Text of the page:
Income tax benefit was $61.9 million in 2009 compared to income tax expense of $19.6 million in 2008 and income tax expense of $71.2 million in 2007. The effective tax rate was 48.1% for 2009, 27.7% for 2008, and 36.1% in 2007. The income tax benefit in 2009 was primarily due to the net loss in 2009. The decrease in the effective tax rate from 2007 to 2008 was primarily due to the lower pretax income in 2008 combined with an increase in low income housing tax credits from $8.0 million in 2007 to $9.5 million in 2008. Low income housing tax credits were $11.1 million in 2009.
On December 31, 2003, the California FTB announced its intent to list certain transactions that in its view constitute potentially abusive tax shelters. Included in the transactions subject to this listing were transactions utilizing regulated investment companies (RICs) and real estate investment trusts (REITs). While we continue to believe that the tax benefits recorded in 2000, 2001, and 2002 with respect to our regulated investment company were appropriate and fully defensible under California law, we participated in Option 2 of the Voluntary Compliance Initiative of the FTB, and paid all California taxes and interest on these disputed 2000 through 2002 tax benefits, and at the same time filed a claim for refund for these years while avoiding certain potential penalties. The Company expects to resolve the California tax audits of its 2000 through 2002 tax years without any significant additional accruals.
The FASB issued ASC Topic 740, formerly Interpretation No. 48, Accounting for Uncertainty in Income Taxes (FIN 48). ASC Topic 740 requires that the amount of recognized tax benefit should be the maximum amount that is more-likely-than-not to be realized and that amounts previously recorded that do not meet the requirements of ASC Topic 740 be charged as a cumulative effect adjustment to retained earnings. As of December 31, 2006, we reflected a $12.1 million net state tax receivable related to payments made in April 2004 under the Voluntary Compliance Initiative program for the years 2000, 2001, and 2002, after giving effect to reserves for loss contingencies on the refund claims. We have determined that our refund claim related to our regulated investment company is not more-likely-than-not to be realized and consequently charged a total of $8.5 million, comprised of the $7.9 million after tax amount related to our refund claims as well as a $0.6 million after tax amount related to California net operating losses generated in 2001 as a result of our regulated investment company, to the opening balance of retained earnings as of the January 1, 2007, effective date of ASC Topic 740.
We recognize accrued interest and penalties related to unrecognized tax benefits as an income tax provision expense. We recognized $0.1 million in 2009, $0.4 million in 2008 and $0.2 million in 2007 in interest and penalties. We had accrued interest and penalties of approximately $240,000 as of December 31, 2009, and $1.9 million as of December 31, 2008.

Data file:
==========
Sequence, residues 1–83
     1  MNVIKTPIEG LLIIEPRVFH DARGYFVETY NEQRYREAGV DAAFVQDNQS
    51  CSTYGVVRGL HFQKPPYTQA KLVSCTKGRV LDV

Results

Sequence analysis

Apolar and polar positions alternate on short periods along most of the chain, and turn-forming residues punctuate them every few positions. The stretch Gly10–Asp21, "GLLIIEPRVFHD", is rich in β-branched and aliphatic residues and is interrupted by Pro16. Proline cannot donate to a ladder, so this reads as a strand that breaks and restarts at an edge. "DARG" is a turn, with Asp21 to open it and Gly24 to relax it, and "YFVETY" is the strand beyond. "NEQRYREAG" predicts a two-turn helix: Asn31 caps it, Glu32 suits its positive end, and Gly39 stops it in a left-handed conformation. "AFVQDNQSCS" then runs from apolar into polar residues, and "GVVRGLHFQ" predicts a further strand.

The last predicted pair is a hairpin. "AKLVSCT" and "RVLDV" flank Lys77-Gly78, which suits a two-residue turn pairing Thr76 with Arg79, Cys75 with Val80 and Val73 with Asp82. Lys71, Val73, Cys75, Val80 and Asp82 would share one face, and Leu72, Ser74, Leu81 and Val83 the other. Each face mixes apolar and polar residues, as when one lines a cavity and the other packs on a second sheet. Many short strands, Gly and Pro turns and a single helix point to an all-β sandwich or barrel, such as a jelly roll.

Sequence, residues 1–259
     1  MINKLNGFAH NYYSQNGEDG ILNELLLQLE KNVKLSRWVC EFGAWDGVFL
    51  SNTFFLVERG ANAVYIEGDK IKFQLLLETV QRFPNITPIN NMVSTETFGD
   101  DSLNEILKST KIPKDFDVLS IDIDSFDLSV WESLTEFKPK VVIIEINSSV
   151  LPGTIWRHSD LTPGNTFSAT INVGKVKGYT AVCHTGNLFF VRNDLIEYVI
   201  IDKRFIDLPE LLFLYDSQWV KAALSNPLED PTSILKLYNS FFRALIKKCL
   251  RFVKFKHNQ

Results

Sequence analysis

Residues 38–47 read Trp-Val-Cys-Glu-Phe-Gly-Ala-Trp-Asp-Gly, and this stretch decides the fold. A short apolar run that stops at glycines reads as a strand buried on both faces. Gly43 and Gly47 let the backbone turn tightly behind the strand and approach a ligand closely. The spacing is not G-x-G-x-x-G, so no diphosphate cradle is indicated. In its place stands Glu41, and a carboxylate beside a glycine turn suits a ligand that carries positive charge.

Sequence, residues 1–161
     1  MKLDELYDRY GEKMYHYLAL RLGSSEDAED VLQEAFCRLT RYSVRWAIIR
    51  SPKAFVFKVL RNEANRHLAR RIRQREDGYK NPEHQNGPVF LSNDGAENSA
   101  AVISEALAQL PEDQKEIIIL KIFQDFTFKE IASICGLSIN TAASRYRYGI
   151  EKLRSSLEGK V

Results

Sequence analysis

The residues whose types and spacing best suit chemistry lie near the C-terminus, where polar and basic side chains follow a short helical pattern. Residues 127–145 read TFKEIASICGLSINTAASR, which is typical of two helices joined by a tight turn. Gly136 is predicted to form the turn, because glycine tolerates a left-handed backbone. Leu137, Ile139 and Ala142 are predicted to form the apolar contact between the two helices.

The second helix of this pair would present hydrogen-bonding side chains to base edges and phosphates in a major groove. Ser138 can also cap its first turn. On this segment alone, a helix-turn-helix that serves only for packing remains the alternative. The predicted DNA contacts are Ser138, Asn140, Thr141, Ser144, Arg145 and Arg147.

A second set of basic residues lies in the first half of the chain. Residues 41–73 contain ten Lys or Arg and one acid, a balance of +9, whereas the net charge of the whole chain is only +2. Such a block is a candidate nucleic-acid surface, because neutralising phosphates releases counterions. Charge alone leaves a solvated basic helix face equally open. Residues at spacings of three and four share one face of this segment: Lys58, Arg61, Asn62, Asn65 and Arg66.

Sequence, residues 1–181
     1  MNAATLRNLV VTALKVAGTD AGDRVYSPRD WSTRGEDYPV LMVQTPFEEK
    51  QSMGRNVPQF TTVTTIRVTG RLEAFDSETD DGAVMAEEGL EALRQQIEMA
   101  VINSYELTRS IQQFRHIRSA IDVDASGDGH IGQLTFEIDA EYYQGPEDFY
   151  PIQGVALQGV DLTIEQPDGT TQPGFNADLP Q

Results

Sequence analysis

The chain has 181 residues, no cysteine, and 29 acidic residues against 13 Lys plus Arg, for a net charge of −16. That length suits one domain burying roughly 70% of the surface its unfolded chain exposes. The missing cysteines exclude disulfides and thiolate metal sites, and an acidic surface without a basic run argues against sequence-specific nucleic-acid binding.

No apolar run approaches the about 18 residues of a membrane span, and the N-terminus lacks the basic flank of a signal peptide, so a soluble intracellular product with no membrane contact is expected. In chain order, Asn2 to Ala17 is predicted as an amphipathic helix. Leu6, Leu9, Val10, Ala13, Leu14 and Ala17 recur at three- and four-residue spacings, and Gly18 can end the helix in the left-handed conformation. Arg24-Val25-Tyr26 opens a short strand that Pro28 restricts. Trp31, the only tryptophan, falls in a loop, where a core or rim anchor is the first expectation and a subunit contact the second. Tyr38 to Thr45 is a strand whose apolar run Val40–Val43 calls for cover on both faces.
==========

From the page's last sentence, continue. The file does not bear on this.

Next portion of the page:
Our tax returns are open for audits by the Internal Revenue Service back to 2006 and by the FTB of the State of California back to 2000. We are currently under audit by the California FTB for the years 2000 to 2004. During the second quarter of 2007, the Internal Revenue Service completed an examination of our 2004 and 2005 tax returns and did not propose any adjustments deemed to be material. From time to time, there may be differences in opinion with respect to the tax treatment accorded transactions. When, and if, such differences occur and the related tax effects become probable and estimable, such amounts will be recognized.
Review of Financial Condition
Total assets were $11.6 billion at both December 31, 2009, and December 31, 2008. Securities held-to-maturity increased $635.0 million and short-term investment and interest bearing deposits increased $229.7 million offset primarily by a $518.4 million decrease in gross loans and loans held-for-sale, and by a $201.0 million decrease in securities purchased under agreement to resell.
Investment securities represented 30.64% of total assets at December 31, 2009, compared with 26.62% of total assets at December 31, 2008. The carrying value of investment securities at December 31, 2009, was $3.55 billion compared with $3.08 billion at December 31, 2008. Securities available-for-sale are carried at fair value
and had a net unrealized loss of $1.4 million at December 31, 2009, compared with a net unrealized gain of $40.3 million at December 31, 2008. In 2009, the Company purchased U.S. government agency securities at par of $100.0 million and MBS at par of $523.9 million. These were classified as securities held-to-maturity. Book value for securities held-to-maturity was $635.0 million at December 31, 2009, and zero at December 31, 2008.
The following table summarizes the carrying value of our portfolio of securities for each of the past two years:
ASC Topic 320 changes the requirements for recognizing other-than-temporary impairment (OTTI) for debt securities. ASC Topic 320 requires an entity to assess whether the entity has the intent to sell the debt security or more likely than not will be required to sell the debt security before its anticipated recovery. We have no intent to sell and will not be required to sell available-for-sale securities that decline below their cost before their anticipated recovery. At December 31, 2009, there was no other-than-temporary impairment related to credit losses to be recognized in earnings. Other-than-temporary impairment related to all other factors was recognized in other comprehensive income.